Muslim Critics of NYPD Spying Given Tough Time in First Hearing
BROOKLYN, N.Y. (CN) - A federal magistrate appeared skeptical Thursday that discrimination is the NYPD's sole motivation for its surveillance of certain Muslims.
Three men, two mosques and a charity, represented by the American Civil Liberties Union and other nonprofits, had sued New York City and its officers in June claiming that a "Muslim surveillance program" had "imposed an unjustified badge of suspicion and stigma on hundreds of thousands of innocent New Yorkers."
Spreading fear and suspicion upon their communities, the NYPD had mapped Muslim institutions, sent informants to monitor their services and meetings, and installed a camera outside of a mosque, according to the complaint. For the most part, the NYPD admitted conducting the surveillance but insisted it was justified and tailored to reasonable suspicion toward the ACLU's plaintiffs.
City lawyer Peter Farrell elaborated upon the allegations against the plaintiffs' supposed terrorism ties in a six-page letter Tuesday to U.S. Magistrate Judge Joan Azrack
Hina Shamsi of the ACLU shot back the next day that the city's claims relied upon "inflammatory insinuation and innuendo."
Hearing oral arguments for the first time hours after receiving this correspondence, Judge Azrack remarked that the city's claims were "fairly particularized."
Among other details, it provides the rap sheets of worshippers and lecturers that visited two of the plaintiff mosques: Masjid At-Taqwa and Masjid Al-Ansar.
"Blind Sheikh" Omar Abdel Rahman, who is serving a life sentence for his role in a plot to bomb New York City landmarks in the mid-1990s, lectured at At-Taqwa, and its current imam, nonparty Siraj Wahhaj, was named as an "unindicted co-conspirator" in the same conspiracy, the city's letter says.
The NYPD says that subway bomb plotter Najibullah Zazi, who was convicted in the same courthouse, attended a lecture at Al-Ansar.
While Shimsa repeated her position that the claims were nothing more than "guilt by the most attenuated and unwitting association," the judge appeared to be unconvinced.
"Is it your position that none of the facts [in the city's letter] could constitute reasonable suspicion?" Azrack asked, later pressing the lawyer on whether the NYPD's interest in her clients was based "purely" in religious discrimination.
Holding her ground, Shimsa insisted that it was.
Sitting among the spectators in court during arguments was lead plaintiff Hamid Raza, an imam for Al-Ansar. The city's letter makes no allegations against him, except to name him in association with mosque visitors suspected of crimes.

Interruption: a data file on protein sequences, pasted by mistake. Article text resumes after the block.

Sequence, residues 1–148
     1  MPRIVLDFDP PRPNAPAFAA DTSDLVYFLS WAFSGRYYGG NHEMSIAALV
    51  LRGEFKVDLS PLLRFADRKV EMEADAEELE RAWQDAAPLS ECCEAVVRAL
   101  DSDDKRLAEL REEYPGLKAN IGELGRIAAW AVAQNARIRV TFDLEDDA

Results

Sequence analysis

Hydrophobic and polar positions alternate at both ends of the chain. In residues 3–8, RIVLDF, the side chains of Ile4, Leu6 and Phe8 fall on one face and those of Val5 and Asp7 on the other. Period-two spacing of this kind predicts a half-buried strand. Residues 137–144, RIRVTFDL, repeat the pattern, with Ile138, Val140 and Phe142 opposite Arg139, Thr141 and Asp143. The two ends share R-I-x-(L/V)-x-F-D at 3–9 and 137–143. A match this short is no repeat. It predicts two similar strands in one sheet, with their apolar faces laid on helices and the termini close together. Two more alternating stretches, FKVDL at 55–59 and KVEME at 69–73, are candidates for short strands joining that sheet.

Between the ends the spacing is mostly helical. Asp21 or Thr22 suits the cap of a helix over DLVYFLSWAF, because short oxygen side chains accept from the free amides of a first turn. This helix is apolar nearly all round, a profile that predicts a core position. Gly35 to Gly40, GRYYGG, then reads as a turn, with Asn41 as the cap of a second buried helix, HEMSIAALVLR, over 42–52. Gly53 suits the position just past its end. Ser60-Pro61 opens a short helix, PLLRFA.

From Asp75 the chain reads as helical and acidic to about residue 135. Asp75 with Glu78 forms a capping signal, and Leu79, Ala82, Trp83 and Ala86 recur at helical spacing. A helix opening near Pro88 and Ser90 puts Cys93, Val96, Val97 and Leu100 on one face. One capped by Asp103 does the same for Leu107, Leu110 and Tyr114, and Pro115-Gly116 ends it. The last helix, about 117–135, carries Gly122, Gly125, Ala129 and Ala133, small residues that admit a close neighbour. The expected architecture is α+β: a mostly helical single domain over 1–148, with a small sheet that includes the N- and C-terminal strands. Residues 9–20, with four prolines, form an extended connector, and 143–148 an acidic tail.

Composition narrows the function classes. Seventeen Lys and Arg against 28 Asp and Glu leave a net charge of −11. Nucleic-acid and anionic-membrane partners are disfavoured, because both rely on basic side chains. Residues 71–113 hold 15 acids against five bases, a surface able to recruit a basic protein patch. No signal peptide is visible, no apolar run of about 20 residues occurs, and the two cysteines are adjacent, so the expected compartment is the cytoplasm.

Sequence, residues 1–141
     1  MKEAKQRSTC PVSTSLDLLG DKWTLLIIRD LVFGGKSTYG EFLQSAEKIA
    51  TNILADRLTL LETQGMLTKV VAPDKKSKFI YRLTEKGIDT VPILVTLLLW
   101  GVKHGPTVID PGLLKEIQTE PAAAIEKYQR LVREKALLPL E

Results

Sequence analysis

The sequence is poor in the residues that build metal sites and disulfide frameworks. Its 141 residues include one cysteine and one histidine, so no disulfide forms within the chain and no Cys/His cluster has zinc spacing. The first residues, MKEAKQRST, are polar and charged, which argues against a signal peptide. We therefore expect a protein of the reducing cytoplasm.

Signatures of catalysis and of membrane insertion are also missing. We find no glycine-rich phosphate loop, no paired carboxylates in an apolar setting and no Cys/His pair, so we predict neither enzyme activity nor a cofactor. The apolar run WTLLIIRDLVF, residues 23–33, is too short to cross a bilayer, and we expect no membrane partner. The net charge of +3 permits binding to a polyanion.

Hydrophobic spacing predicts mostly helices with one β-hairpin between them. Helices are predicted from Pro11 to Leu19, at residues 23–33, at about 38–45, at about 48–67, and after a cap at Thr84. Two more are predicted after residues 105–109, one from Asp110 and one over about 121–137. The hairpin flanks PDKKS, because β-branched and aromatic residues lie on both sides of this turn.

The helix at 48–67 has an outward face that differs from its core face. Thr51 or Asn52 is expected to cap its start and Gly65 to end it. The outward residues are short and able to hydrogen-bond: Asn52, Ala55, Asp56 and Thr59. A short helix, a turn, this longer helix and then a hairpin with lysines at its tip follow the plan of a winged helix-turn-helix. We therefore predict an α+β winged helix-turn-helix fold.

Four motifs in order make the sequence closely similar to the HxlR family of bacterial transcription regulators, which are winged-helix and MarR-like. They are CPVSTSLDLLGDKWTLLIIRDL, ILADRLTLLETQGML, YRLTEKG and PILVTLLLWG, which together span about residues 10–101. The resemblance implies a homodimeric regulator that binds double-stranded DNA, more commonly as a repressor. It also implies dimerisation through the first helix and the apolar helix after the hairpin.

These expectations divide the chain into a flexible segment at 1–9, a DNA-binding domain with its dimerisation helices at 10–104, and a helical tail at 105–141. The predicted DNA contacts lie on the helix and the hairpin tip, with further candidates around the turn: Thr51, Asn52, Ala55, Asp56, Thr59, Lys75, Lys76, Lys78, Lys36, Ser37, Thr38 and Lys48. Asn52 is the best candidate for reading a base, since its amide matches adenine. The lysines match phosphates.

The NYPD reported what seems to be a secondhand allegation that another plaintiff, Asad "Ace" Dandia, who helps operate the nonprofit charity Muslims Giving Back, tried to organize a trip to Pakistan to train with extremists.
Police allegedly trailed the final plaintiff, Mohammad Elshinawy, at his wedding. A lecturer, Elshinawy said he changed the content of his talks for fear of being misinterpreted.
City lawyers claim he has spoken sympathetically of religious violence. They want to test their claims of suspicionless surveillance by "bifurcating" - or dividing - discovery in the case into two phases. The first would probe whether the plaintiffs have standing to sue for a violation of their constitutional rights.
Under the city's plan the plaintiffs would then have to fight off the city's motion to dismiss the case before trying to gain access to internal NYPD documents.
If the city finds reasonable suspicion against the plaintiffs in Phase I, "that's it. The case is over," Farrell said. He added that the case would continue should the city not meet its burden.
Shamsi urged the judge not to let the city use discovery as a "sword" to attack the plaintiffs' standing to sue, and a "shield" to protect their internal documents. She noted that "there is a great deal of public information now" supporting the allegation that the NYPD surveillance sweeps over many innocent Muslims.
She repeatedly cited revelations of the "Terrorism Enterprise Investigation," or TEI, tag, that allows the NYPD's broad spying powers against anyone who enters that institution.
The Associated Press reported that Al-Ansar and other mosques were given that designation, opening up to investigations so potentially intrusive that even the FBI declined to use it.
Shimsa compared the tactic to subjecting to St. Patrick's Cathedral and its worshippers to mass surveillance if the police found criminal activity there.
Judge Azrack reserved decision on the matter.